Yuan Wu had taken only one English class when she arrived in Boston from Nanjing, China, so she had trouble understanding her classmates and her professors in the MIT Sloan School of Management. Even as she felt more comfortable with the language, however, she still was aware of differences in how Americans and Chinese express themselves.
“The people I meet here, they are more straightforward than Chinese people. If (Americans) don’t like something or don’t want to go somewhere, they tell you,” she says, adding that Chinese people would instead be more roundabout in expressing their opinions.
Wu grew more comfortable conversing with Americans in part through her participation in the MIT Hosts to International Students Program. As many as 60 international students from about 30 countries participate in the MIT program annually, and are matched with about 80 Boston area families who are alumni, staff, and friends of the Institute. The goal is to give students access to a support system when they are so far from home.
Host families can pick up students at the airport, invite them to dinner, take them shopping,give them birthday parties, or call them before exams, letting them know that while they are far from home, they are not alone. And, as in Wu’s case, they provide an opportunity for international students to practice and improve their English and to open a window into daily American family life. Henry and Juci Cunier of Marblehead, Wu’s host family, have very much involved Wu in their lives and they have all become good friends.
“Without the host program, it would have been more difficult for me to get the chance to know people. I have friends — we talk about studies or life, but we don’t get the chance to know their families,” Wu says.
The Cuniers have been especially helpful to Wu because both Henry and Juci came to the United States from other countries. Henry Cunier, an agent for an international bank, came from Zurich, Switzerland, so he spoke English when he arrived 35 years ago. But Juci, who came from Brazil three years ago, spoke no English. This is one reason she chose to help others.
“We decided to help the students because I saw how difficult it was to adapt to a new culture, a new country. I can understand the fear, the misunderstanding, the discrimination. They came to a very famous school, but beyond the walls of the school, they are like every other immigrant,” says Juci, who now speaks nearly fluent English. Her personal experience creates a strong bond with the students. “They feel comfortable to make mistakes. They know I had problems also.”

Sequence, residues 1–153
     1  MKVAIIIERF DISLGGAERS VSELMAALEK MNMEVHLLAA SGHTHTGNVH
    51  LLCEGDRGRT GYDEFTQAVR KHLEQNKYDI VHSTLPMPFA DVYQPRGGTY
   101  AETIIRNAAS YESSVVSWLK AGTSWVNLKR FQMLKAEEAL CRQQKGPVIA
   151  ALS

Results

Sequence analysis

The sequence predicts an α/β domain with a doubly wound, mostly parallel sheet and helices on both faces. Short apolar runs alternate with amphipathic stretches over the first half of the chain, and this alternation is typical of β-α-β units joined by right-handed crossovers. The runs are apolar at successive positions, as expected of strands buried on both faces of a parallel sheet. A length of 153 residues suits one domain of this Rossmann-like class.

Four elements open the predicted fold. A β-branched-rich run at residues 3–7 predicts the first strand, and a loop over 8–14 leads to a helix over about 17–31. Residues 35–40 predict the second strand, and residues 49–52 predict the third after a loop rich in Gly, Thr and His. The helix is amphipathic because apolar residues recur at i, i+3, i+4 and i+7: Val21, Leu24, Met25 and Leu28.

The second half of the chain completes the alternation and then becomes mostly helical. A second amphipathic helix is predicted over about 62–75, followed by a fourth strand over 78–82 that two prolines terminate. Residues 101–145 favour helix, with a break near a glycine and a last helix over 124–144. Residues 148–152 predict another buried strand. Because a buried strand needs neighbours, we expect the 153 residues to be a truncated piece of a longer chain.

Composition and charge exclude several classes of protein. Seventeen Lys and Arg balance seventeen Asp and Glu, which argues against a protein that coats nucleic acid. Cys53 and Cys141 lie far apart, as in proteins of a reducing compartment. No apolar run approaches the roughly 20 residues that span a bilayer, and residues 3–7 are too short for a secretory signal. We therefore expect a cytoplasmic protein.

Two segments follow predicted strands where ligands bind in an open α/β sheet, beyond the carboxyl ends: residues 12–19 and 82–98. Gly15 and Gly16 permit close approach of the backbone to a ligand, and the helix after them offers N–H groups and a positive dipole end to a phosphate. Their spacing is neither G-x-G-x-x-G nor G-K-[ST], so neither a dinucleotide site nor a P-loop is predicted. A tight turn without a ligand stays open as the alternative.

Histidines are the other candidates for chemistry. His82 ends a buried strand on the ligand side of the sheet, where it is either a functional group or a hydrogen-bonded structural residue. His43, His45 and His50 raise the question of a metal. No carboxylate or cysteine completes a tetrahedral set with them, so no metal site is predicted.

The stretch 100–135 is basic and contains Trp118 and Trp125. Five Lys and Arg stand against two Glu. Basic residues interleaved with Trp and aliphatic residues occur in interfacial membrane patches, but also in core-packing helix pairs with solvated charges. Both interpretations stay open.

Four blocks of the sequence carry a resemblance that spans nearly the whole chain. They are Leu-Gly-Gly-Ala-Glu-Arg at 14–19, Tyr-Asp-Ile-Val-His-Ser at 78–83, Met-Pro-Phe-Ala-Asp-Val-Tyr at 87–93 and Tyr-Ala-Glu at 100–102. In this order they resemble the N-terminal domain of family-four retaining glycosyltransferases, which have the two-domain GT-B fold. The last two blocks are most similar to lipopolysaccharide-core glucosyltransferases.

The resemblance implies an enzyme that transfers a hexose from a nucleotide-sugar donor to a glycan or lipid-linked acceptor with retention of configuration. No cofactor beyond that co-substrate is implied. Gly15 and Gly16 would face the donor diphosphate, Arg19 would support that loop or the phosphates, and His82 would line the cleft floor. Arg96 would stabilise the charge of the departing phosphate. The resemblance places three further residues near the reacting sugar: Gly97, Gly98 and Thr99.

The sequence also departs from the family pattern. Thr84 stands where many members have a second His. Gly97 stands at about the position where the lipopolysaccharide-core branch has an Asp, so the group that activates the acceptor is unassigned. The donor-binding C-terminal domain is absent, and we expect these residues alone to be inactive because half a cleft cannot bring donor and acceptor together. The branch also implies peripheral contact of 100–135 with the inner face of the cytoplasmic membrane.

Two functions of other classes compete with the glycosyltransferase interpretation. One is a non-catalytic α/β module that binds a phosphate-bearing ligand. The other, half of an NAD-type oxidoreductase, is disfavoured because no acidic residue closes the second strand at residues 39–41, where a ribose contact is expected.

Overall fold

The Cuniers, who had no previous ties to MIT, learned of the Hosts to International Students program from a friend who was also a host.
“There’s a need for it. We feel it’s important to help out people from other countries,” Henry says. The couple also enjoys the opportunities to learn about life in other parts of the world. “It’s a wonderful exchange of culture, thoughts, and ideas,” he says.
Wu and the Cuniers first met when the Cuniers included her among the guests for their Thanksgiving dinner last November.
“It was an amazing experience. That was the first Thanksgiving in my life,” Wu says. “They treated me like a member of their family, not as a guest or a stranger.”
The friendship grew even stronger when Wu went to Texas for a few weeks for a summer internship. Her husband, Dong Yin Wu, arrived in Boston just as she left. He spent his first weeks here living with the Cuniers and improving his English. “The most important thing is he’s got more confidence,” Yuan says.
Besides sharing Thanksgiving dinner, at which Wu had the option of using chopsticks to eat turkey, the Cuniers have taken Wu to musical concerts, the beach, and Asian restaurants.
“They help to make my life more colorful. I’m not just a student studying at MIT, eating at MIT, living at MIT. They show me a broader world,” said Wu, who has developed a strong connection with Juci Cunier. “I always call Juci my host sister.”
The Hosts to International Students program has helped Wu and her husband adjust to life in the United States, but it has also given them, and the Cuniers, more. “I’m lucky to find good friends here. I will try my best to keep this friendship,” Yuan says. “We also hope someday Henry and Juci will go to China and we can travel together.”